That Edgar Allan Poe was one messed up dude. Right? Poor guy.
Just one of the fun things I have had the opportunity to learn as a homeschooling mom. Of course, you might already know that, if you dig that sorta thing.
We are three years into this homeschool business. It is not for the faint of heart, I tell you. I have days where I think I must have lost my ever lovin’ mind to believe that I was capable of educating my child…during his high school years, no less! Sheesh!
Yeah, last train to crazy town! All aboooaaaard! Woo woooooooooo!
All joking aside, it has been an extremely rewarding experience so far. I have learned so much about myself and about my amazing son. And hey, I even understand Algebra this time around. Bonus!
I never EVER imagined myself as the homeschool-y type. Ne. Ver. You know, those hard core, skirt wearing, no hair cutting, no radio listening, living on some compound, having lots of kids homeschoolers. Yeah. I know, very judgmental, right? <shivers> But I am just being honest here. That was what I envisioned when I thought of homeschoolers. That was also back when I used to say, “I could NEVER homeschool my kids.” <cringe>
Basically, it used to be my opinion that it was fine for “those” people, but it was not for me. Hey, rock ON if you want to homeschool! But not me! It was also my opinion that homeschooled kids were poorly socialized and, hey, public school was fine for the Hubby and me, so why wouldn’t it be okay for my kids?
Well, public school was fine for me, and for the Hub. It was fine for my kids—both of them—for a while. In fact, it still seems to be working well for Emma. But, starting in 8th grade, it was not working for Jacob anymore.
In the fall of 8th grade, with high school looming, ever so hauntingly, in the near future, we were faced with the reality of our son being thrown into the lion’s den, which was our local high school. A den of nearly 3500 lions, to be more precise…3500 loud, squeal-y adolescents. You would barely be able to traverse the hallways through that sea of bodies! Forget about getting to your locker! One on one attention? Fuggeddaboudit!
I don’t care what it said in our IEP, I just wasn’t feeling it. And if you are a person with sensory issues, most predominantly noise-related sensory sensitivities (try saying THAT 10 times fast), a narrow hallway crammed to the gills with squeal-y teens is not your idea of a good time. Even after meeting with a representative of said high school at our IEP meeting, the Hub and I were in no way convinced that they could or would provide for Jacob’s unique situation.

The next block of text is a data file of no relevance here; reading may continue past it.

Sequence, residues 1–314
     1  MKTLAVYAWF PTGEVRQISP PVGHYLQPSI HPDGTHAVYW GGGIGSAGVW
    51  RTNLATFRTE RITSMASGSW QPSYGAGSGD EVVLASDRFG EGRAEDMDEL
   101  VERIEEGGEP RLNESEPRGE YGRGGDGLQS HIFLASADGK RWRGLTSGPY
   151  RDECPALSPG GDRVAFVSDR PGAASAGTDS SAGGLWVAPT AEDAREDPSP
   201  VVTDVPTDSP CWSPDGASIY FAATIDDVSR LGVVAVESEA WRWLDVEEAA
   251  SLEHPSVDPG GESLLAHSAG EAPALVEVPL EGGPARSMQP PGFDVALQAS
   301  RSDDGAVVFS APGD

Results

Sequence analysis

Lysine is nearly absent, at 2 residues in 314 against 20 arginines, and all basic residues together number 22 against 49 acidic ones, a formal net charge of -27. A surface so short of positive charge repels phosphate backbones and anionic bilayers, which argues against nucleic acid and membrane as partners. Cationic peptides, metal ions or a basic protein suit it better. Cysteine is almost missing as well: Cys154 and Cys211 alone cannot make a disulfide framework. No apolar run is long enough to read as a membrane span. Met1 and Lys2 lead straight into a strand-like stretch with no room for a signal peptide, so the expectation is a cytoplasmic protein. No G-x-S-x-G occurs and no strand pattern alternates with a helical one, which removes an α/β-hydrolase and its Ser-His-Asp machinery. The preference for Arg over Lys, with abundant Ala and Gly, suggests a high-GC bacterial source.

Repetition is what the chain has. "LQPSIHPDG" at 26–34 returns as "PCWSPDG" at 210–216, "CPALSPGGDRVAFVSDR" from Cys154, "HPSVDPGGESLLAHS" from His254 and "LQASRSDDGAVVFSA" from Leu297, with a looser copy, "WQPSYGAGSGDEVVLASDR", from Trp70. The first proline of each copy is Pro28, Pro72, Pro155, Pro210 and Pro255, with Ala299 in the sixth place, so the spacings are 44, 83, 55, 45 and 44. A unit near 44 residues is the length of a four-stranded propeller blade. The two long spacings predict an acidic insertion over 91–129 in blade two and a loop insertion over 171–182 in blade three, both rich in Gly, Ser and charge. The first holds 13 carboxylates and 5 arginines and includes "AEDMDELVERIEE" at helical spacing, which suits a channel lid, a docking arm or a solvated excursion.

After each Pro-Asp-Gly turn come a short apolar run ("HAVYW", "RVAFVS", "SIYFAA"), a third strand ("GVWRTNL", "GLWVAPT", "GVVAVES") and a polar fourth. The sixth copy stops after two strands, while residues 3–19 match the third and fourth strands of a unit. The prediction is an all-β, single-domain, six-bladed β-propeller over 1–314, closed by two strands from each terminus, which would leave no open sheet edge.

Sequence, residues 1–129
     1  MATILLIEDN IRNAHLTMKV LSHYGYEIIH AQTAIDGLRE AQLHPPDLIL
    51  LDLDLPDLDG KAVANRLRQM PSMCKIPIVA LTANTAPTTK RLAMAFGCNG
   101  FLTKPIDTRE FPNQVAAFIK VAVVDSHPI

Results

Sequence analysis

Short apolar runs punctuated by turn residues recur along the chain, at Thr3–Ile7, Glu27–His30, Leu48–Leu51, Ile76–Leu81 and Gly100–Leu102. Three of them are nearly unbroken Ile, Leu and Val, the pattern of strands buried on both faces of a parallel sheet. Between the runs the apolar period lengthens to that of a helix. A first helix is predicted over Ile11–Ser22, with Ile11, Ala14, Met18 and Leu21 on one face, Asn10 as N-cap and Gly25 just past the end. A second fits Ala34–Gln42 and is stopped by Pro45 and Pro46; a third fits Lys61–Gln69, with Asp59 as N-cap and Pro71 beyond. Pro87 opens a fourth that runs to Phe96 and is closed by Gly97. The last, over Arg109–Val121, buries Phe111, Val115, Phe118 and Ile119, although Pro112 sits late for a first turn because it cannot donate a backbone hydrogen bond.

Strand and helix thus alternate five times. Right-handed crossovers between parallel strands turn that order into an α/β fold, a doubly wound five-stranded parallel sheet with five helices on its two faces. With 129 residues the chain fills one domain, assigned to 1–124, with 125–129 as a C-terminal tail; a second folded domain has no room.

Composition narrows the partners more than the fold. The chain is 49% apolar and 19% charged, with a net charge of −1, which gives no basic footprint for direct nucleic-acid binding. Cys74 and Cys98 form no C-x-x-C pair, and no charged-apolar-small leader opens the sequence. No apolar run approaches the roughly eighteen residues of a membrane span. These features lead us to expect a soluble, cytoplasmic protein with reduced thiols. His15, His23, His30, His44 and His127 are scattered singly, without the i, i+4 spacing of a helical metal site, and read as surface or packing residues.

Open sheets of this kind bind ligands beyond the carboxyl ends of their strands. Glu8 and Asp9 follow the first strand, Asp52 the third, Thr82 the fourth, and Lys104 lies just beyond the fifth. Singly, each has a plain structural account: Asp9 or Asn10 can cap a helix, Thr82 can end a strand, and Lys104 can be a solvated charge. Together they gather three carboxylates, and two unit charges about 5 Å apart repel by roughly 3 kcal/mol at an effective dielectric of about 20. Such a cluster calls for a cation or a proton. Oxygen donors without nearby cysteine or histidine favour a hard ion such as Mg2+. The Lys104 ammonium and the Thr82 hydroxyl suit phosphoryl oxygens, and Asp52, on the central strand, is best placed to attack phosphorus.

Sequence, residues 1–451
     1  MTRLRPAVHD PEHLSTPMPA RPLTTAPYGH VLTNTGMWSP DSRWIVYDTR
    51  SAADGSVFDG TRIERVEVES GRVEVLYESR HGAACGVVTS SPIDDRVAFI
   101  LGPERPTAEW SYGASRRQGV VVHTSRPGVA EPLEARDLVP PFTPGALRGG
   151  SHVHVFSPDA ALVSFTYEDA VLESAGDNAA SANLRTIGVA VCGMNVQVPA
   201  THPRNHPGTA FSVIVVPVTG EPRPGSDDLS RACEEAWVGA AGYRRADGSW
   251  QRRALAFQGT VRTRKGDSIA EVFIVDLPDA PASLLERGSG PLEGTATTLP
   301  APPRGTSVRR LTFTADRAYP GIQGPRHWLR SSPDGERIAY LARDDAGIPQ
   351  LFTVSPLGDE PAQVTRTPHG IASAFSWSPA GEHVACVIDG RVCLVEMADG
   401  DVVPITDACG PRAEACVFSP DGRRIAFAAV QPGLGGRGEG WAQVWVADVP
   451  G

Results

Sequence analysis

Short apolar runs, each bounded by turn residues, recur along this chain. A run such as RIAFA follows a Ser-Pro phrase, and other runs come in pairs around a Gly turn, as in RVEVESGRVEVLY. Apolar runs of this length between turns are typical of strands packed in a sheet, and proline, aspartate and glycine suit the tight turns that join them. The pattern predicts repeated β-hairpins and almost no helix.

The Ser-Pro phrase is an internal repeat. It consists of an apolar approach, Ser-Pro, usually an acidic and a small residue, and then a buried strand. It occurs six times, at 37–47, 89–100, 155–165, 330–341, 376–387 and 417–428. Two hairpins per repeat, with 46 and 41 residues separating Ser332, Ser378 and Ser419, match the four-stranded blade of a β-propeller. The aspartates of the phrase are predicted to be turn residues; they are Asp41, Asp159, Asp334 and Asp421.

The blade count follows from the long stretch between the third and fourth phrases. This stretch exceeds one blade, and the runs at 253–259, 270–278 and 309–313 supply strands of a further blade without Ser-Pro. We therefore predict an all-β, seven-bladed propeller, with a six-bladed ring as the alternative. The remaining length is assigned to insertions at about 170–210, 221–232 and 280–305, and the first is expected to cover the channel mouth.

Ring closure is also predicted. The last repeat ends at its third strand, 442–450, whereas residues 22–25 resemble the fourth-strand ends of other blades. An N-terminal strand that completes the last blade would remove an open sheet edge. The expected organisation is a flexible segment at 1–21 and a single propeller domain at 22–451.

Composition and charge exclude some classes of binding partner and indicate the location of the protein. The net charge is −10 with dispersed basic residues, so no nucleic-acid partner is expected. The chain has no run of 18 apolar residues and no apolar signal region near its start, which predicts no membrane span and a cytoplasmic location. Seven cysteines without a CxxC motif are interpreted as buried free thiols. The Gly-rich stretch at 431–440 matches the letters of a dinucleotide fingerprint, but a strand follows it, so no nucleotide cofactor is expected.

Private school was not an option financially. And frankly, it would not have solved the most pressing challenge—Jacob’s difficulty in tolerating the noise level while managing his school work at the same time. So, after much prayer and consulting with other homeschoolers to find out what it was all about, it was decided.
Oh! God’s sense of humor is awesome, isn’t it? What we have here, my friends, is another example of why your mama always told you to “never say never.” Well, Justin Bieber says that too, but my mama said it before he did, so I’ll give her the credit, thank ya verra much.
It wasn’t long before I had a realization: I was wrong about homeschoolers. I mean, really wrong. Not everyone who homeschools does so for religious reasons, wears only skirts, and lives on a compound. In fact, I have yet to meet any homeschoolers who live on a compound. There are many people out there like us, who have concerns about their kids with special needs. And yes, there are some families out there who fit that “Duggar” vision—and who are very lovely people. I don’t want to disparage the Duggars in any way—I think we could probably all benefit from becoming a little more Duggar-ized, but I digress. All the homeschool families we have met are very regular folks (as regular as “regular” gets, anyway), who are as varied as their reasons for choosing home education for their families.
And then there is the “S” word—socialization. The question we homeschoolers can never escape. The myth about homeschooled kids lacking socialization is also busted. You could take a field trip every day if you wanted to. Our homeschool support group has something going on every day of the week: park gatherings, trips to museums, bonfires, bowling, paintball, educational co-ops, chess club, Lego club, Drama club, chorus. You can also participate in athletics, student council, band, prom, yearbook staff…the list could go on and on. Pretty much any activity that kids have available in public school, exists in the homeschool arena as well. In fact, I have decided that homeschoolers have quite the opposite problem of not getting enough socialization. The problem is fitting in all the SCHOOL around the socialization!
Crow is sometimes a pretty tasty treat, I would like to say. Everyone should have the opportunity to try it sometime.
We are certainly not your run-of-the-mill homeschoolers. With one foot in the public school world and the other in the home school world, we are not the norm. You think you get a weird look from folks when you tell them you homeschool; you really get the raised eyebrow when you tell them you have one at home and one in public school. Yeah, we are a conundrum. What else is new?
But, hey, it’s what works for our family. Who knew?